The fashion labour force is challenged on many fronts; innovation, technical intelligence and practical skills are needed more than ever, and yet, businesses of all sizes are facing a shortage of skills that is reaching critical levels. In a fast-paced industry such as fashion, and with technological advances and automation making an increasing mark on the sector, skills are becoming outdated much faster than ever before, which poses new demands on both individuals as well as corporate organisations. For instance, the last generation of people who possess hands-on experience in factories is now between 55 to 75 years old, and not enough skilled labour is coming through that can fill the growing void.
“We have a lot of industry experience that is retiring in the next 5 to 10 years - this is the last generation that has the extensive production floor and craft expertise that is needed. And similar to many other industries facing pipeline issues, skills are becoming obsolete much faster. It is no longer enough to graduate with a college degree and expect to stay relevant in a 40-year-career,” says Catherine Cole, Chief Executive of online knowledge hub MOTIF. “We have technological disruption that is raising a demand for a new blend of skills – these are skills around data, 3D, AI, programming etc. Age comes into this discussion, primarily because you have a large pool of talent that understands how things are made from a production point of view retiring soon. Then you have a younger workforce that has higher digital aptitude. The industry won’t evolve with one and not the other.”
Survey to determine global state of skills
MOTIF specialises in providing access to training, professional development and mentorship from the industry’s top practitioners. Two years ago the company launched its first Global State of Skills survey, which highlighted the significant lack of skills in the fashion industry and defined the specific training needs experienced across different segments. Following the success of this insightful report, MOTIF has launched a new survey for publication in 2020, set to be once more an accurate barometer of the skills status quo in the fashion industry. MOTIF, in partnership with Alvanon and supporting organisations, is aiming to reach at least 1000 respondents from across 20 industry organisations for this comprehensive benchmark study.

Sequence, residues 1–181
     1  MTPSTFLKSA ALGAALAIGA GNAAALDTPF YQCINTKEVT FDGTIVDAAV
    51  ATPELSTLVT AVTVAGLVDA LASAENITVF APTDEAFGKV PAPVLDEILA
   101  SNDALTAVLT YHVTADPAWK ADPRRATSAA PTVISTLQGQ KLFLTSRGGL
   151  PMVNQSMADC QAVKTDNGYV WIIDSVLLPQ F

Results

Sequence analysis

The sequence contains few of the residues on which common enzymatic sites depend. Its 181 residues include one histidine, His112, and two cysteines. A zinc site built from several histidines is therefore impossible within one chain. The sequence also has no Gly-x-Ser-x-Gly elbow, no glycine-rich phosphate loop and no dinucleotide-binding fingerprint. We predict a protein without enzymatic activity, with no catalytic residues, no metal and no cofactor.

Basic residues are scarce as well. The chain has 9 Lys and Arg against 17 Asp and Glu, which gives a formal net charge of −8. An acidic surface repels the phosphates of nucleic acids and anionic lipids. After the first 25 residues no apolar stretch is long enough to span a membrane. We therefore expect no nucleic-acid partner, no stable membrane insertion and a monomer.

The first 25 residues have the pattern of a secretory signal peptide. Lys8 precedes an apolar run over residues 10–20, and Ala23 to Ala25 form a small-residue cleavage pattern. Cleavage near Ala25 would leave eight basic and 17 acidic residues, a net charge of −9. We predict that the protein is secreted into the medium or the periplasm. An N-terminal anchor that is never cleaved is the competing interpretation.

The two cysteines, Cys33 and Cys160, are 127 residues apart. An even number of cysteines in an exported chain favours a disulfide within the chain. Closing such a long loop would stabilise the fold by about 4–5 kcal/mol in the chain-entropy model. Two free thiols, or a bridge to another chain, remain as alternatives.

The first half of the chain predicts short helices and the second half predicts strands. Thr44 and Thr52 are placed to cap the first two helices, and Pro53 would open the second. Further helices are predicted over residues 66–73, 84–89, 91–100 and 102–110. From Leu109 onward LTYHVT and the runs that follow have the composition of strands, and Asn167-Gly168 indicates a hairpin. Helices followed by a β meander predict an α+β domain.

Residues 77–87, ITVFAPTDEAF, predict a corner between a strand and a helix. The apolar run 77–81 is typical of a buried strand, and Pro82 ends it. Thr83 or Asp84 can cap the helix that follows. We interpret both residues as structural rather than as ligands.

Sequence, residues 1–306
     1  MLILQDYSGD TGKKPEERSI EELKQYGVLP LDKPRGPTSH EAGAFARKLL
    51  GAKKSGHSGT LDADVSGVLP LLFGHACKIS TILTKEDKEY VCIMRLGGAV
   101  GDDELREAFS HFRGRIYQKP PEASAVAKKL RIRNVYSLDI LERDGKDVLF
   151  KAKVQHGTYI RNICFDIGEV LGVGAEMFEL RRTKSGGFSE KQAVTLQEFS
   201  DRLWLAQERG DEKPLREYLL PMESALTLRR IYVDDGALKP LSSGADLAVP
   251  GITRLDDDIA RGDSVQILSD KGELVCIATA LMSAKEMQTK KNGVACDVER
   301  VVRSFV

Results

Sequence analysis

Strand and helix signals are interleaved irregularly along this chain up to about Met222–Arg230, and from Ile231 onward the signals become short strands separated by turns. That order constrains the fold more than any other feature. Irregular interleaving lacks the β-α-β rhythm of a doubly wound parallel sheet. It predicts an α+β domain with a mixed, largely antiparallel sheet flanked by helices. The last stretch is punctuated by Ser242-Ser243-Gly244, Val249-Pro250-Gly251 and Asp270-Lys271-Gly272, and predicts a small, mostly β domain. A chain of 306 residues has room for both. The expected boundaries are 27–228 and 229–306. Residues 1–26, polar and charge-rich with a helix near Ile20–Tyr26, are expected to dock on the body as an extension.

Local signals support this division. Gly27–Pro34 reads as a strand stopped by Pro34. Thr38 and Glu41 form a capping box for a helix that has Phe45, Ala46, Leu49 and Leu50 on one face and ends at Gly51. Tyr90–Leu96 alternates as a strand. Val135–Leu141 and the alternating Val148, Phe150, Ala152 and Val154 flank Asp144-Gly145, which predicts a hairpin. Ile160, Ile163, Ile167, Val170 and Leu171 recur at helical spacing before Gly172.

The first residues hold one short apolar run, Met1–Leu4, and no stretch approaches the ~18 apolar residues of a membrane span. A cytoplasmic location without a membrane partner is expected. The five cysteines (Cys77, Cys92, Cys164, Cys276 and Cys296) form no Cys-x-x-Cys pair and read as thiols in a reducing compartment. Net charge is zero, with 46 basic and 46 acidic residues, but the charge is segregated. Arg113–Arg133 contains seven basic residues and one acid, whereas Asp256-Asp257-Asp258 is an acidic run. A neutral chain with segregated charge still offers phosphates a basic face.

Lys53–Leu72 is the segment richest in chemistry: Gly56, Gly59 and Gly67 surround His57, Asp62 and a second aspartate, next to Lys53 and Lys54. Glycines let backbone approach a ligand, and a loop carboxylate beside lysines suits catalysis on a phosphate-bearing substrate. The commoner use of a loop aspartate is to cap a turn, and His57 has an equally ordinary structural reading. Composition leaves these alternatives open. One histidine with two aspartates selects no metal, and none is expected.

Key issues to be highlighted include in which specific areas the industry is experiencing skills gaps, in what ways businesses are being hindered by skills shortages, which areas should be prioritised for immediate training as well as which obstacles the industry is experiencing for up-skilling and talent development. “These are key questions we are asking professionals across the supply chain and we want the perspective of top executives as well as employees. We want to know how business leaders view the skills gaps and how individual employees, no matter their level, see their own professional development, as well as how important training and learning is to their engagement levels”, says Cole.
Education and training more important than ever
Two years on from the original study, there is a sense that a lack of skills may still be one of the most pressing issues the industry is facing, which the second edition of the survey intends to vet. Gaps in key competencies across the whole supply chain, from fibre to finished garment and from in-house teams to external supply chain partners, are still prevalent. According to Cole, the increasing demand for sustainability means a stronger understanding of textile science and fabric innovation is needed from concept through product development. “Injecting efficiency and transparency in the value chain means an increased usage of 3D and analysis of data. The competencies can no longer be confined to single roles but need to be available throughout a company’s whole production eco-system. This encompasses not just in-house skills, but the skills and competencies of partners need to be compatible, too.”